Record-breaking. History-making. Legendary. All of these words can be used to describe the tenure of Penn State head coach Russ Rose's career in Happy Valley. It’s been nearly four decades since Russ Rose arrived on campus in Happy Valley. Entering his 39th season at the helm of the Penn State women’s volleyball ahead of the 2017 season, his name has become synonymous with the pride and tradition of the storied program. The leader of arguably the nation’s most elite women’s volleyball program, his record-setting seven NCCA national titles and 16 Big Ten championships speak directly to the confidence and character he’s passed along throughout his career.
Few have come close to matching Rose’s impressive win total, as he’s collected victories at a staggering pace. Never having posted less than 22 wins in a season, his 1,189 career wins heading into the 2016 season rank first all-time among NCAA DI head coaches.
As each year passes, his list of accomplishments continues to swell, but a quick snapshot of his legendary tenure might read something like this: The leader of a women’s volleyball powerhouse who has kept his program among the nation’s elite for nearly 40 years, amassing a stunning career record of 1,189-186. He has guided his teams to a record-setting seven NCAA national titles, including an unprecedented four consecutive championships from 2007-10. Along with 16 Big Ten titles, his program is one of only two women’s volleyball schools to compete in all 35 NCAA Division I Women's Volleyball National Championship events. He’s produced multiple Olympians, four AVCA National Players of the Year, 13 Big Ten conference Players of the Year and at least one AVCA All-American in 36 of 37 complete seasons. His student-athletes excel in the classroom as well, with an outstanding 174 Academic All-Big Ten selections and 12 Academic All-Americans, who have earned 17 selections.
Those who know Rose, know about the tremendous impact he has made in the volleyball community, not only in Pennsylvania, but across the country.
While he prefers not to focus on personal accolades, Rose’s list of accomplishments continues to grow as each year passes. In 2014 Rose guided Penn State to its seventh NCAA national championship in program history, the most of any women’s volleyball program in the country. The 2014 title marked the sixth national championship for Penn State in an eight-year span and the first back-to-back stretch of national crowns since 2009-10, when PSU rounded out its string of four straight from 2007-10.
Rose led Penn State to its first national championship in 1999, before returning to capture the title in four consecutive seasons from 2007-2010. Along the way, Rose picked up three AVCA National Coach of the Year honors and four Big Ten Coach of the Year awards, while also earning a spot in the AVCA Hall of Fame at the end of the 2007 season. Following the 2013 championship and the program’s 16th Big Ten title, Rose earned his fifth career AVCA National Coach of the Year Honor. From 2007-2010, Rose guided the Nittany Lions on their unprecedented and historic run of 109 victories, which included back-to-back 38-0 seasons in 2008 and 2009.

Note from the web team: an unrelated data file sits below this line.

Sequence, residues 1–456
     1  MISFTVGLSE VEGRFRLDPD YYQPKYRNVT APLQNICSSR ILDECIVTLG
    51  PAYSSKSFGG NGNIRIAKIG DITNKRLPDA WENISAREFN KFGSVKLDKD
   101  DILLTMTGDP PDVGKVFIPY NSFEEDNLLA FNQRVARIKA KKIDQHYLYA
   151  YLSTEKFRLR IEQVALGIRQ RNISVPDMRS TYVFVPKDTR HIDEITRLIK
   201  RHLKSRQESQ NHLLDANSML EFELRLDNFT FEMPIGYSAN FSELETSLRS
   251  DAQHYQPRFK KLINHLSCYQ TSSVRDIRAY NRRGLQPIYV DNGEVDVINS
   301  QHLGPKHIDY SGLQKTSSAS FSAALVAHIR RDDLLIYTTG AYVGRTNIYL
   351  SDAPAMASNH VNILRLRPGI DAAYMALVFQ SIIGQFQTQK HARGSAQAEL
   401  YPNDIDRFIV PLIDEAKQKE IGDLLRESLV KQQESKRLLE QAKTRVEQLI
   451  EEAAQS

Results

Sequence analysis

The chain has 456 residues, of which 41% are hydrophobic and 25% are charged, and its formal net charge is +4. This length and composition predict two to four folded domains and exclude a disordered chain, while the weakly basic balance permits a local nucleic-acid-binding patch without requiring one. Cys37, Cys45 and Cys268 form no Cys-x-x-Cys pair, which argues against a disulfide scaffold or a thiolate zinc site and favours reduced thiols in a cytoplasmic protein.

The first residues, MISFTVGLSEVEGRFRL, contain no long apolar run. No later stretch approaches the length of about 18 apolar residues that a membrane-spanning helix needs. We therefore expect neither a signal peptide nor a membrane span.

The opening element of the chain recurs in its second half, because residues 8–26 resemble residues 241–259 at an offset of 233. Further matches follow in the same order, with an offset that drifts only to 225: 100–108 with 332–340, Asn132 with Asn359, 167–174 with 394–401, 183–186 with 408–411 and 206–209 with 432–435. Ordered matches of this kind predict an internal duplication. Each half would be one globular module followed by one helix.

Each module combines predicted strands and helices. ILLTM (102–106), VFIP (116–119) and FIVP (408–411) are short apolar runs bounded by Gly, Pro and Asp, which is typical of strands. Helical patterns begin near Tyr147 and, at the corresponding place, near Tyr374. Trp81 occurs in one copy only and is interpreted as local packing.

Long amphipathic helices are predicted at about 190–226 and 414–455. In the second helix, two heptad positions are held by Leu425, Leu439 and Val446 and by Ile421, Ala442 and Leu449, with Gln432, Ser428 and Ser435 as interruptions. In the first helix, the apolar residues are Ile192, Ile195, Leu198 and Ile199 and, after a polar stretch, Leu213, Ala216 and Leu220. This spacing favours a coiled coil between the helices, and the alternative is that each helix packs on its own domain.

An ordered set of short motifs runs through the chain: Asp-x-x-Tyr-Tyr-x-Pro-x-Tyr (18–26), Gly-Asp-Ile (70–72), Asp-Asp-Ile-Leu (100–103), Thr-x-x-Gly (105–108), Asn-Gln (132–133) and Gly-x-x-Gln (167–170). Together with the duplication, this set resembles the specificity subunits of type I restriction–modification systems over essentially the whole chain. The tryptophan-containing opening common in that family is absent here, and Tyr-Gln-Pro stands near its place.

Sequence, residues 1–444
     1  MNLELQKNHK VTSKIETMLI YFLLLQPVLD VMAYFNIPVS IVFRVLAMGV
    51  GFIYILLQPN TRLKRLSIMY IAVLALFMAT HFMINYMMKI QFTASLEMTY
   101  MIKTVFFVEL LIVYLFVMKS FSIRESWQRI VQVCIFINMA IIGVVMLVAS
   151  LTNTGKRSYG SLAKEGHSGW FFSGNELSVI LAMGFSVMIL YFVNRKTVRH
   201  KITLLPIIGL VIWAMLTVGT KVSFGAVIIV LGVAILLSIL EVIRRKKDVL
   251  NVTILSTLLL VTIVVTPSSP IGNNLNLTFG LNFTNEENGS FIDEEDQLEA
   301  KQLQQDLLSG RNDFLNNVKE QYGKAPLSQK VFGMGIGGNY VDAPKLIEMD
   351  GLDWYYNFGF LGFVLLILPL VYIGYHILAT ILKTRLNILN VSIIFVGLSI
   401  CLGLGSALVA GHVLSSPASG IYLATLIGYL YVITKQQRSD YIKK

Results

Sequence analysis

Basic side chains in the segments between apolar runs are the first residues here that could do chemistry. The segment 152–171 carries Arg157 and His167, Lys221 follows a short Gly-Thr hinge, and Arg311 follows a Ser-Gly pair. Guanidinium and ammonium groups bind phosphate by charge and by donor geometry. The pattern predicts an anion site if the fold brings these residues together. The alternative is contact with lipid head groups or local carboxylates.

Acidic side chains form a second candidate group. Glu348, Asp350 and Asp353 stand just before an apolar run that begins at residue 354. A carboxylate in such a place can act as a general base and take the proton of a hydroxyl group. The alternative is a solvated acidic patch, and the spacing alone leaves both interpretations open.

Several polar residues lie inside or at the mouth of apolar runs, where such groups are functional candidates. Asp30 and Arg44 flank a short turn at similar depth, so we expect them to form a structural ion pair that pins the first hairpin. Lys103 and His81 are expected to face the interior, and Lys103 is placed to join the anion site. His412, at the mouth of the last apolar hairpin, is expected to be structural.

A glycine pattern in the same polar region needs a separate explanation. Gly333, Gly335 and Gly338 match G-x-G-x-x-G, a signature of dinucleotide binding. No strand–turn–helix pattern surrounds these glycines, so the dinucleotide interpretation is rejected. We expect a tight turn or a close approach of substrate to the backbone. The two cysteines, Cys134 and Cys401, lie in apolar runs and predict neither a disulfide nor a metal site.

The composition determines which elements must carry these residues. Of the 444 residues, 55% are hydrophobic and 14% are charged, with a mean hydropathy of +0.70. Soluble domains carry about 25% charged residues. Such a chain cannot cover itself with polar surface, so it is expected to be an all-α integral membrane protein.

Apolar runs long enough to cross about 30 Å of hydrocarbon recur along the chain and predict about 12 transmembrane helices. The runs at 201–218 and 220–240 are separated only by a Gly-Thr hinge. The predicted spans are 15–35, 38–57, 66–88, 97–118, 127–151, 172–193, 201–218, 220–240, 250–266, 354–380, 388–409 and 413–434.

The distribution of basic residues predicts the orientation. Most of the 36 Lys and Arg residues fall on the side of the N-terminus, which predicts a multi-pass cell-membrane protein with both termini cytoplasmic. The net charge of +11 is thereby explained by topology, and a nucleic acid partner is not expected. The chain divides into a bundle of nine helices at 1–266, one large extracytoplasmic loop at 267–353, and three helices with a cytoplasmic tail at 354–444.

He has mentored 40 different Nittany Lions to a total of 89 All-America honors, including four who went on to win the AVCA National Player of the Year award. In 2014, senior Micha Hancock joined an elite group as the AVCA DI National Player of the Year. Additionally, five of the 40 honorees received All-American honors consecutively across all four years, including 2013 senior Deja McClendon, who is the most recent addition to the list.
Many of Rose’s athletes have excelled off the court, garnering 174 Academic All-Big Ten accolades as well 17 Academic All-America selections. Four of his 12 different Academic All-American Nittany Lions were also selected for the prestigious Academic All-America of the Year award.
Many of his former student-athletes are currently still in the game coaching or playing professionally. This long list includes 2012 Olympic silver medalists Christa Dietzen (Harmotto) and Megan Easy (Hodge). Alisha Glass and Nicole Fawcett also served as alternates on the 2012 U.S.A. women’s national team.
Throughout his career, Rose has been called on to share his expertise with coaches and players who represent the United States in International competition. He’s also an active clinician, traveling around both the United States and other parts of the world to share his vast knowledge of the game.
A 1975 graduate of the George Williams College, Rose was a member of the school’s 1974 NAIA national championship team and captain of the 1975 squad. Upon graduation, he remained at George Williams as a part-time coach, helping the women’s team to a pair of state titles and a sixth-place finish at the national level. In 1978, he earned his master’s degree from the University of Nebraska, while also serving as a defensive coach for the women’s team. While writing his thesis on volleyball statistics, he led the second team to a two-year varsity mark of 52-5.
A 2013 Penn State Honorary Alumni honoree, Rose married Lori Barberich, a former three-time All-American at Penn State in 1986. The two are the parents of four sons, Jonathan, Michael, Christopher, and Nicholas.